Well, you know it's true
I go in the morning to the twenty-acre wood
lodged between meaner homes.
One day I'll examine one day getting by, getting shorter.
And I'm not saying each slow minute
will fall apart into the present:
in the northern provinces of my county
farms export to small cities
the sweet flavors, the last
apples crowding the hills.
By the time the sun clocks heaven's noon
another set of homes will overtake
a field strewn with boulders
from the last ice age.
I wanted to write you. If only
telling were enough. It was
the first night of early darkness. Crowds gathered
under the black oak arms and I thought you wanted to hear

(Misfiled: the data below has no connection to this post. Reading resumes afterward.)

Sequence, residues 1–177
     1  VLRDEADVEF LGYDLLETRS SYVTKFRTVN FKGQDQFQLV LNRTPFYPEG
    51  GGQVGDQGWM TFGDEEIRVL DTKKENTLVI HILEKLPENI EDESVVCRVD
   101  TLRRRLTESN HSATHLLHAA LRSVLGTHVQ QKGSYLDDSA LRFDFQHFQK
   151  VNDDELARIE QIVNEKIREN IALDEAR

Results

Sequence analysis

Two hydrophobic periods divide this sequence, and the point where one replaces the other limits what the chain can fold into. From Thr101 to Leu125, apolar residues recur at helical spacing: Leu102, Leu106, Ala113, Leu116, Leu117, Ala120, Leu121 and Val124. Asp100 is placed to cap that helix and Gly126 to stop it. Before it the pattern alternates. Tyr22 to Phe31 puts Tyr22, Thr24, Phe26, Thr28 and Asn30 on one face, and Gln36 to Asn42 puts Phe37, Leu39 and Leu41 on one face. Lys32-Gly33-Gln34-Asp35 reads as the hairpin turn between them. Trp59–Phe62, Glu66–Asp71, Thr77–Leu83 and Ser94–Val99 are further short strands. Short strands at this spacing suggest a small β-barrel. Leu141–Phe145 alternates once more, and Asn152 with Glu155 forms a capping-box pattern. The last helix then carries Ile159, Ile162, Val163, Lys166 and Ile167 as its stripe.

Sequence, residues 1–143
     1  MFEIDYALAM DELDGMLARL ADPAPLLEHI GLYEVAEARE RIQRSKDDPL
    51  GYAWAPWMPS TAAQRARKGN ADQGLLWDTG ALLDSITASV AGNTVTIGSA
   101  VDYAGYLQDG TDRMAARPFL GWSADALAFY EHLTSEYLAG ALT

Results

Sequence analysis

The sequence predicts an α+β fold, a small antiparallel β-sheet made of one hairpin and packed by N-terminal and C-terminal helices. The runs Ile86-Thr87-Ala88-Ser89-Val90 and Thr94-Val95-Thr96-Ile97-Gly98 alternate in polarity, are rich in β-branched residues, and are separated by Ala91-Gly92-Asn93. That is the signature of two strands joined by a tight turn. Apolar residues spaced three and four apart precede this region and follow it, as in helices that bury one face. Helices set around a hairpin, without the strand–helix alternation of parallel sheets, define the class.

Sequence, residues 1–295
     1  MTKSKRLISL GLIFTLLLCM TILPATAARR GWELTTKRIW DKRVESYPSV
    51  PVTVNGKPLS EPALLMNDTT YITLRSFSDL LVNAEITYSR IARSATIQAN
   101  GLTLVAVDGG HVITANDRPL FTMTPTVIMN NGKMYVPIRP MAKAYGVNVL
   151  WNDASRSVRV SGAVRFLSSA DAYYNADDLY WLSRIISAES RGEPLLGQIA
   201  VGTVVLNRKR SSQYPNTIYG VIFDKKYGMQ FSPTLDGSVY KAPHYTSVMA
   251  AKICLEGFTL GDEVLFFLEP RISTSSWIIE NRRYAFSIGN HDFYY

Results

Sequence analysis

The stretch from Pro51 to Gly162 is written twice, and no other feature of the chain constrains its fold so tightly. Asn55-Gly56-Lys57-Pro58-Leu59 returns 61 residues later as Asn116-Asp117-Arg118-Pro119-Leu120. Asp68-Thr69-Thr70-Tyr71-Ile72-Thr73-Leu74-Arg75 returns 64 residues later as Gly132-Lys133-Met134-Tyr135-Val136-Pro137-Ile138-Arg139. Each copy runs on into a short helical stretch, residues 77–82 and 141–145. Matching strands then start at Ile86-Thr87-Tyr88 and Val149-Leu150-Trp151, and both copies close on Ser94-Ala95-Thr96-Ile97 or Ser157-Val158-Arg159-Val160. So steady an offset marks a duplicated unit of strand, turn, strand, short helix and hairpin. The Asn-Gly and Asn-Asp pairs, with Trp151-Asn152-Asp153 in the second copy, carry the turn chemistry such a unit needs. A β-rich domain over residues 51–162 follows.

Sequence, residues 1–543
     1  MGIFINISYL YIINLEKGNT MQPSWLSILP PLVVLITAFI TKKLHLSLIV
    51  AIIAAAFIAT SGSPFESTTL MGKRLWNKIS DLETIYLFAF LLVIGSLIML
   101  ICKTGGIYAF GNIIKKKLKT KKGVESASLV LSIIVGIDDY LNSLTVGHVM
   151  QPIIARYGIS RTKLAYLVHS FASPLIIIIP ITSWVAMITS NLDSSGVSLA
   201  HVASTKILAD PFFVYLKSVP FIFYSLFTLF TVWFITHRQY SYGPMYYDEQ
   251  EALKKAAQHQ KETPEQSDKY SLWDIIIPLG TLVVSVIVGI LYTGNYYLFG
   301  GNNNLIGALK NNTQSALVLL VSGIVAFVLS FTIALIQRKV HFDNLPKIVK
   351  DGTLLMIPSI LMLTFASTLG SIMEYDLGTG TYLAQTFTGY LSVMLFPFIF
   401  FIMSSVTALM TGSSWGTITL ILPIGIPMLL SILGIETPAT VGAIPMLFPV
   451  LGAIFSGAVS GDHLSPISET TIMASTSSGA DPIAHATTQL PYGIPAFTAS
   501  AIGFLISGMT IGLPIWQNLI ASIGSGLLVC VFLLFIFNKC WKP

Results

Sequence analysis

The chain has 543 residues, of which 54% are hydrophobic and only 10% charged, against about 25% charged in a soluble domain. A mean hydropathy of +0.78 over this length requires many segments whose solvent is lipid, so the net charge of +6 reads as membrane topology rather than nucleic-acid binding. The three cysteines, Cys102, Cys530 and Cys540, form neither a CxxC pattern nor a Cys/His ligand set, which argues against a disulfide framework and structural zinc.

each man's throaty laugh: they were us,
really. We framed houses, poured driveways.
Planned the wooded suburbs to match
the lives we stored behind thick windows.
But then, they took hillocks with them,
mounds of dirt. The lonely, the misplaced
can't live here. Burning near the half-mile stream
at this suburb's mouth, they are no more ugly than those
who crowd the landscape, who want to steal our seeds,
the unfastening taking place this season.
Copyright © Albino Carrillo, 2002. All Rights Reserved.